In this study, the researchers focused on the ROCD module of the GGtude platform, more precisely the “OCD.app – Anxiety, mood & sleep” module. The research was led by Milana Gorelik of Reichman University, Ohad Szepsenwol of Max Stern Yezreel Valley College and Guy Doron, director of the ROCD research unit at Reichman University and co-founder of GGtude Ltd, the company the origin of the application.

The study used a randomized controlled trial design, involving 103 romantic couples. Participants were randomly assigned to either the experimental group, which used the GGRO module for 15 days, or the control group, which did not use the module.

The study measured several variables, including ROCD symptoms, depression symptoms, attachment insecurity, relationship satisfaction, and sexual satisfaction. The evaluations were carried out at three times: before using the application, immediately after its use and one month after the intervention.

Couples using the app did not experience an increase in ROCD symptoms during the study period, unlike the control group. This suggests that the mobile app effectively prevented the escalation of ROCD symptoms in romantic relationships.

Likewise, while the control group experienced a decrease in their relationship satisfaction over the course of the study, this was not the case for the app users. This suggests that targeting maladaptive cognitions related to ROCD symptoms had a positive impact on relationship satisfaction.

Users of the app demonstrated significant reductions in obsessive-compulsive disorder (OCD) and ROCD cognitions. This indicates that the app intervention was successful in challenging and modifying maladaptive beliefs associated with ROCD symptoms.

Couples using the app showed lower levels of anxious attachment orientations at the 1-month follow-up, indicating a lasting effect of the intervention on attachment security. However, the app did not have a significant impact on sexual functioning, perhaps because it did not specifically target maladaptive beliefs related to sexual dysfunction.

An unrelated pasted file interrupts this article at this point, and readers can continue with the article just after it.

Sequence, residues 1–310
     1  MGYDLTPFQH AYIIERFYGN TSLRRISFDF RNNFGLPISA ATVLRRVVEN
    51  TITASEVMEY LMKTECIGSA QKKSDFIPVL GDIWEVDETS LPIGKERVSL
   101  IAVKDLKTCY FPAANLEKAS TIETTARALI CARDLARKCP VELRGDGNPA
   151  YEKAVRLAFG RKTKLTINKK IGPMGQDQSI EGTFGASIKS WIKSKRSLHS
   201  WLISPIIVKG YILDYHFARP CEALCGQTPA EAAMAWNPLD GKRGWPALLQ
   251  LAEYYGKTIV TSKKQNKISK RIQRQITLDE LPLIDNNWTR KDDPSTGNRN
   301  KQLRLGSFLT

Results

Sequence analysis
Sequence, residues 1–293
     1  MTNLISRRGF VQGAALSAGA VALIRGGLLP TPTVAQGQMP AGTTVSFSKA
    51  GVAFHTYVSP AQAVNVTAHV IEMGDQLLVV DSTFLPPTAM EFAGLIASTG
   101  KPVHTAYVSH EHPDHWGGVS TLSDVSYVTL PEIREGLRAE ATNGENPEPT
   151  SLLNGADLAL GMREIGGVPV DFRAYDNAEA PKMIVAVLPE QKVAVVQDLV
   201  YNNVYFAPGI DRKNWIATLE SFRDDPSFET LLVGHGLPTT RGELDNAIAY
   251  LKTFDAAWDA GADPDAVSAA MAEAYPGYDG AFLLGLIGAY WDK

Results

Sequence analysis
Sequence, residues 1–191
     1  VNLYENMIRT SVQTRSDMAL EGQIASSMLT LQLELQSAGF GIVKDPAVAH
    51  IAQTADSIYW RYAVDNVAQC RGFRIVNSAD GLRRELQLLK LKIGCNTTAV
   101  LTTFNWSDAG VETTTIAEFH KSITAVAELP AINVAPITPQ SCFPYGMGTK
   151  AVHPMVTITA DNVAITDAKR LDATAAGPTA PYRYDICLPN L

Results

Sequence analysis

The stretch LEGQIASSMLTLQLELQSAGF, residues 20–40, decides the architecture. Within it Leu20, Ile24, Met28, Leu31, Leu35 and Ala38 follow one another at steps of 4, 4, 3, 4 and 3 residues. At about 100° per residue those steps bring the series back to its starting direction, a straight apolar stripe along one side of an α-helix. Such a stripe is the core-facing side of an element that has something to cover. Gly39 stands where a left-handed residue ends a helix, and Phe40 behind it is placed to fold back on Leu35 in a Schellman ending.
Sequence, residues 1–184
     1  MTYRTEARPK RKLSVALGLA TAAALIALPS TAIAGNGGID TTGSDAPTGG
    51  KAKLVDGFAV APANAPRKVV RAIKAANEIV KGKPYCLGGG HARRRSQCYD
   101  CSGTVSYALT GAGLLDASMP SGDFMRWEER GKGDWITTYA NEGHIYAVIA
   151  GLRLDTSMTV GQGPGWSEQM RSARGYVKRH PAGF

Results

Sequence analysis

Although the study yielded promising results, it is essential to recognize its limitations. The sample consisted of non-clinical couples with relatively low baseline symptom levels. Future research should explore the effectiveness of such interventions in clinical populations. Additionally, including an active control group using similar apps targeting beliefs unrelated to ROCD could provide more insight.

Despite these limitations, the study results have important theoretical and practical implications. It highlights the potential for mobile app interventions to improve resilience and satisfaction within romantic relationships by addressing maladaptive beliefs associated with ROCD. These findings align with cognitive-behavioral models of psychopathology that emphasize the role of maladaptive beliefs in the development and maintenance of psychological symptoms.

The study, “Promoting Couples’ Resilience to Relational Obsessive Compulsive Disorder (ROCD) Symptoms Using a CBT-Based Mobile Application: A Randomized Controlled Trial,” was authored by Milana Gorelik, Ohad Szepsenwol and Guy Doron.

Gn Health